China and the United States of America
Notes from Japan, China and the Powers

For The U.S. War Against Asia
by William P. Meyers

Site Search

Also sponsored by Peace Pins

Popular pages:

U.S. War Against Asia
Barack Obama
Democratic Party
Republican Party
Natural Liberation


China and the U.S.
1842 until 1900

Page 1 2 3 4 5 Outline

All [page numbers] reference China, Japan, and the Powers by Meribeth E. Cameron, Thomas H. D. Mahoney, and George E. McReynolds. The Ronald Press Company, New York. Copyright 1952

When the Opium War ended in 1842 the trade provisions of the Treaty of Nanking, between China and Great Britain, were extended to other nations including the U.S, which sent Caleb Cushing as an envoy. The Treaty of Wanghia was signed on July 3, 1844. This was one of the “unequal treaties” that granted the privilege of extraterritoriality, and the right to trade in Chinese ports. [p. 173-174]

At the insistence of Britain and the U.S. in 1845 the Emperor granted Protestant Christianity equal standing in China with other religions. [175]

Arrow War: Many Chinese continued to resist Euro-American intrusion despite the treaties. “That the Chinese had some justification is clear from the continued smuggling of opium, and the iniquitous practice of kidnapping coolies and placing them in what often amounted to slavery in parts of Latin America and California.” The British bombed Canton in 1856 after the Chinese seized a ship that was actually Chinese but flew a British flag. Later, some forts near Canton “… fired upon an American ship. Its commander, Captain Foote, promptly captured and dismantled the forts with the loss of seven American lives. The Chinese commissioner in Canton was quick to make an apology to the Americans, and the incident was considered closed.” [176-177]

This all, and the capture of the Pei Ho forts, led to the treaties of Tientsin in 1858 between China and Russia, United States, Britain, and France. The U.S. was granted the right to have a representative in Peking if any other nation did. But the Chinese were slow to ratify the treaties, then tried to recapture the Pei Ho forts from the French and British. Americans under Josiah Tatnall came to the aid of the Europeans. After the allies (?) took the Summer Palace in Peking, the Treaties of Tientsin were ratified on October 25, 1860. This was when Hong Kong was ceded to the British. [177-178]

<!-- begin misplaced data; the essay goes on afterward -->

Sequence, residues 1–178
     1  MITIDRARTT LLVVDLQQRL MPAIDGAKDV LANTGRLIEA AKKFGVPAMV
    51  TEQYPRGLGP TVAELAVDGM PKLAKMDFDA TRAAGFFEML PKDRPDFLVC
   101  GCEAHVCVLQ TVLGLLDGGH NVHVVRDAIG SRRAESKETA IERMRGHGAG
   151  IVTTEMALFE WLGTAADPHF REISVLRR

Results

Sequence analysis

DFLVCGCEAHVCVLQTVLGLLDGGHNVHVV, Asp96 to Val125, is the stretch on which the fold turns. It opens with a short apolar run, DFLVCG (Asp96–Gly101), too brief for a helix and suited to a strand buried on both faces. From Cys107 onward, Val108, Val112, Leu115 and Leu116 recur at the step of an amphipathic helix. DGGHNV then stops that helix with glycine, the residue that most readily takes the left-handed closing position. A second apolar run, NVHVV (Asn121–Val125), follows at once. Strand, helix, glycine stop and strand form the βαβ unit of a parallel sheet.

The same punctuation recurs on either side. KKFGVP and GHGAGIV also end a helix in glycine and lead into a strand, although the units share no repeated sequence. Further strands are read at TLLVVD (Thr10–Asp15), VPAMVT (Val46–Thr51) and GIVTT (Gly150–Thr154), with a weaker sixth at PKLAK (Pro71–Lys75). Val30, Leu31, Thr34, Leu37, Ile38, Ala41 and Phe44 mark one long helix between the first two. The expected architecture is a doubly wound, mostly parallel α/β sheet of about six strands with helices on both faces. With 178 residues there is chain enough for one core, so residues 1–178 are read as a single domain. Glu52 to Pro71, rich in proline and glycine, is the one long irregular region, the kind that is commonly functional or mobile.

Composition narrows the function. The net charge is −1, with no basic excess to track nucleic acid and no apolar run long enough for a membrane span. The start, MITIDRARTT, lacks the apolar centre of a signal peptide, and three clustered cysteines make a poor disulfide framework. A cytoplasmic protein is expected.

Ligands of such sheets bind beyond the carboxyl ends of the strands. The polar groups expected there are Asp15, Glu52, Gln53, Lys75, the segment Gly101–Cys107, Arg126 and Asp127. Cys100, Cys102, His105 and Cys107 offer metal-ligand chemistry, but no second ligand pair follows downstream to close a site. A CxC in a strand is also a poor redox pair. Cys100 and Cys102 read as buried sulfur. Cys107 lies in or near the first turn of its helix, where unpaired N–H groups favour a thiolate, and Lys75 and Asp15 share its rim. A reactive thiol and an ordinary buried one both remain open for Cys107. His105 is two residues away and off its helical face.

In 1861 Anson Burlingame was the first American Minister to China to take up residence in Peking. He advocated “the fullest trading rights for the United States and the territorial integrity of China.” The Chinese referred to Americans as “Flower Flag Devils.” [178]

A number of American efforts were made to grab the island of Formosa [Taiwan]. Commodore Matthew C. Perry and William H. Seward “envisaged an American empire in the Pacific.” Perry advised the U.S. to establish a protectorate in Formosa at the same time as his Japanese mission, but the suggestion “fell upon deaf ears in official Washington.”  Later a Dr. Peter Parker, made efforts to grab Formosa (dates uncertain; footnote says he had been a missionary in China and was appointed commissioner in 1855. “Tow partners in a private business venture in Formosa had in 1856 raised the American flag over their holdings on the island.” Again, Washington demurred. Townsend Harris also wanted to annex Formosa. The problem, apparently, was that it was thought if the U.S. grabbed Formosa, that would be the end of the Open Door; other Powers would grab other chunks of China. [330]

By 1880 Chinese immigrants were 9% of the population of the State of California. The prior Burlingame Agreement had permitted unrestricted immigration. Congress passed the Fifteen-Passenger Bill, but President Rutherford B. Hayes vetoed it. Instead he had negotiated the Treaty of 1880, altering the prior treaty to allow the U.S. to limit Chinese immigration and “forbade the importation of opium into China by American citizens. Congress passed and Hayes signed a bill suspending Chinese immigration for 10 years. Also an indemnity was paid for anti-Chinese violence, including the Rock Springs, Wyoming massacre of thirty Chinese miners. [333-334]


III Blog list of articles